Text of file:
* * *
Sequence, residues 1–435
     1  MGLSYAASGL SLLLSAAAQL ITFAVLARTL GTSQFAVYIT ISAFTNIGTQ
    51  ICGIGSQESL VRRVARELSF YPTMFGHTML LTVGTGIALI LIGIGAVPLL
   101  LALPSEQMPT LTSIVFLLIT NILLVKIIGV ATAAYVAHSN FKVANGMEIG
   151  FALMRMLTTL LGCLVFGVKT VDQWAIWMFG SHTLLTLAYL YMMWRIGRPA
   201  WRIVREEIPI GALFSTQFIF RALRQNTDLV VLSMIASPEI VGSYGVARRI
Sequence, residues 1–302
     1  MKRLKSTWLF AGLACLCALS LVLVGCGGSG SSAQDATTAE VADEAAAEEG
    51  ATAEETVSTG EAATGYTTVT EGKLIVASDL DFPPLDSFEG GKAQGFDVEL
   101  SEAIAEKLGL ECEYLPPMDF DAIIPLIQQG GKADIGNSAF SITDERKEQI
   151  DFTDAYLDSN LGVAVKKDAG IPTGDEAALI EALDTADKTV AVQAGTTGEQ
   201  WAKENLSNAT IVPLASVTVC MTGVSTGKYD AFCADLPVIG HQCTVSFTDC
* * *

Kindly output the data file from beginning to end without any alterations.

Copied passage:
Sequence, residues 1–435
     1  MGLSYAASGL SLLLSAAAQL ITFAVLARTL GTSQFAVYIT ISAFTNIGTQ
    51  ICGIGSQESL VRRVARELSF YPTMFGHTML LTVGTGIALI LIGIGAVPLL
   101  LALPSEQMPT LTSIVFLLIT NILLVKIIGV ATAAYVAHSN FKVANGMEIG
   151  FALMRMLTTL LGCLVFGVKT VDQWAIWMFG SHTLLTLAYL YMMWRIGRPA
   201  WRIVREEIPI GALFSTQFIF RALRQNTDLV VLSMIASPEI VGSYGVARRI
Sequence, residues 1–302
     1  MKRLKSTWLF AGLACLCALS LVLVGCGGSG SSAQDATTAE VADEAAAEEG
    51  ATAEETVSTG EAATGYTTVT EGKLIVASDL DFPPLDSFEG GKAQGFDVEL
   101  SEAIAEKLGL ECEYLPPMDF DAIIPLIQQG GKADIGNSAF SITDERKEQI
   151  DFTDAYLDSN LGVAVKKDAG IPTGDEAALI EALDTADKTV AVQAGTTGEQ
   201  WAKENLSNAT IVPLASVTVC MTGVSTGKYD AFCADLPVIG HQCTVSFTDC